The science of Feng Shui is testament to the interconnectedness of all organisms, which are in turn interlinked with the universe. The principles of Feng Shui can be used to enhance a living space to maximize its potential as well as to ward off all negative energy.
Be it your garden, your choice and placement of furniture, or even the materials used in your house, Feng Shui can be applied to every component that makes up your house. Everything contains and emanates energy. According to Feng Shui principles, the least productive area in your house is the living room – which in most houses takes the central position. This space is believed to receive the least amount of cosmic energy. Living room spaces are mostly associated with a space meant for relaxation and casual interaction.
If the living room space is synonymous with low energy, why have a separate bedroom space – you may ask. While low energy might be appropriate for times of rest, positioning of a bedroom and the furniture within can play a huge role in determining your quality of life. It is important to be able to sleep well in order to wake up refreshed and charged up for the tasks and challenges that the new day will bring. A wooden bed, and its appropriate positioning can make or break a good night’s rest, which will in turn affect your mood and functioning for the following day.
Feng Shui makes use of a number of aspects, including magnetic fields, axis of the plot, cardinal magnetic directions and planetary associations, among other factors. For example, doors placed on the cardinal directions are considered to be in a bad position, as are furniture and heavy items placed in the northeast sector of your house – an area associated with knowledge and learning.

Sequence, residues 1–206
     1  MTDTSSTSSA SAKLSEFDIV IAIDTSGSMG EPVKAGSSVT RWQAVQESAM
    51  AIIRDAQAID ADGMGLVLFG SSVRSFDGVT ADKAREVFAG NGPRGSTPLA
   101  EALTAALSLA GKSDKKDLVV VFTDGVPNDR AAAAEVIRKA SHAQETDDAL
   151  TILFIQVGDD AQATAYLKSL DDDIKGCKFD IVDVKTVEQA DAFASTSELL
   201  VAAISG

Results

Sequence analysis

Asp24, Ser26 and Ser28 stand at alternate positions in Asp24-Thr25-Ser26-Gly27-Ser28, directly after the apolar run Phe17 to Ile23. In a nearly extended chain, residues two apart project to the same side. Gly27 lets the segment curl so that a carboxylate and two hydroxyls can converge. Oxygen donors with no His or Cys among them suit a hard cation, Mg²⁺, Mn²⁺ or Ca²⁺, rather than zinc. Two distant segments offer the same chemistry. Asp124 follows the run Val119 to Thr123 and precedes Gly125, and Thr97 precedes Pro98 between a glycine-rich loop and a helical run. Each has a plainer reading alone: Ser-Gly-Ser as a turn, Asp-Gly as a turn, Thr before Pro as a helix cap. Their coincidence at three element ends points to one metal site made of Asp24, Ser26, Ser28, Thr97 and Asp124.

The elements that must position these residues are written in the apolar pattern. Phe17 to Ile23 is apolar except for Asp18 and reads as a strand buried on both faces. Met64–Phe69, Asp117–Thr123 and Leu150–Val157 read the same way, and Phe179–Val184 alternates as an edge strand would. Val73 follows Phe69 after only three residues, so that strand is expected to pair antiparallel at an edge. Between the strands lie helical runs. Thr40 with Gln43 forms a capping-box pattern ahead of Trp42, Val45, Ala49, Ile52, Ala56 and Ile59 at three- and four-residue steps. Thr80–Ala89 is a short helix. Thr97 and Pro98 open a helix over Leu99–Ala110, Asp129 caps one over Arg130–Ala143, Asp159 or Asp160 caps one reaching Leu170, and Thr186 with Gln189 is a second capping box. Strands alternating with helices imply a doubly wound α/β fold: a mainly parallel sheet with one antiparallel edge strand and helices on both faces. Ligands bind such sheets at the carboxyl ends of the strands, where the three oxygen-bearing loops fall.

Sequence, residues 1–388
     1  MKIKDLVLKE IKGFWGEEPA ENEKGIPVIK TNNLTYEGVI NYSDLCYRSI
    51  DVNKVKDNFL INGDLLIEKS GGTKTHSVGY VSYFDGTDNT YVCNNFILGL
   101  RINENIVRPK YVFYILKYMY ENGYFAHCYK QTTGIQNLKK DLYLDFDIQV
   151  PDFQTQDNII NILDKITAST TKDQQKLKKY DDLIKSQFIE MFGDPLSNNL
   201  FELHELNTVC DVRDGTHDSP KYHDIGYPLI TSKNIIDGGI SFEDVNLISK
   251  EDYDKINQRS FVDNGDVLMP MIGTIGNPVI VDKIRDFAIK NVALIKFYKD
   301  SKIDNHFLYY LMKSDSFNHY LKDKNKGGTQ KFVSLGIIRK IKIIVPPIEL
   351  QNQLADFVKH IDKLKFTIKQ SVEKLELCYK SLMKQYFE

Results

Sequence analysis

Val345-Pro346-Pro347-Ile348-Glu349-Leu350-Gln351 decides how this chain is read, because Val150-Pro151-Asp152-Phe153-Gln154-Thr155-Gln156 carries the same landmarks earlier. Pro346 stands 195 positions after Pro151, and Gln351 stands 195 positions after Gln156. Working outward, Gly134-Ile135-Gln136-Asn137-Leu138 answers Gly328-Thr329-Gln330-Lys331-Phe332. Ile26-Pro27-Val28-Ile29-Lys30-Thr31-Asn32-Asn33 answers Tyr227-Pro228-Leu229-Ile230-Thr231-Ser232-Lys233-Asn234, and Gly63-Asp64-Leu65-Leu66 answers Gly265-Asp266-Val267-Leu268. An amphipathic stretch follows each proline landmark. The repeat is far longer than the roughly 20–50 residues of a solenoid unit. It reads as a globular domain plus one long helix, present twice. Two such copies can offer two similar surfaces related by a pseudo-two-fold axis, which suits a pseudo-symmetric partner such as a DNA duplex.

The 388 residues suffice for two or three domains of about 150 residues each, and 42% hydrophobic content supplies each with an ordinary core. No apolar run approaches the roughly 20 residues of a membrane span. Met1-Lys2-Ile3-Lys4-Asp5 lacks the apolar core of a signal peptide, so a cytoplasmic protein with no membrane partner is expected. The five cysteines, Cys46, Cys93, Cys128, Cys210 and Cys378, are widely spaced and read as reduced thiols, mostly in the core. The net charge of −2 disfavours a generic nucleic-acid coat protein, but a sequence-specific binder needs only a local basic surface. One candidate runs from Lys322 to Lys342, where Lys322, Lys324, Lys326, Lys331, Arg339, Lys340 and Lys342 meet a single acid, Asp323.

Feng Shui places great importance on the location of the kitchen within a house as this is the space that provides the inhabitants of the house with energy – in the form of edible material – using a number of elements like fire, water, and metal, etc. The location of the kitchen also influences other spaces within the house. Experts advise that the main door of the house must not open into a kitchen. Feng Shui principles also govern that toilets are to be planned well away from the kitchen area. This principle is based on the belief that the energy that emanates from the toilet may not be beneficial for the energy that is associated with the food from your kitchen. As you can see, not only does keeping your washroom/toilet spaces away from your kitchen area promote hygiene, but this practice is Feng Shui approved as well.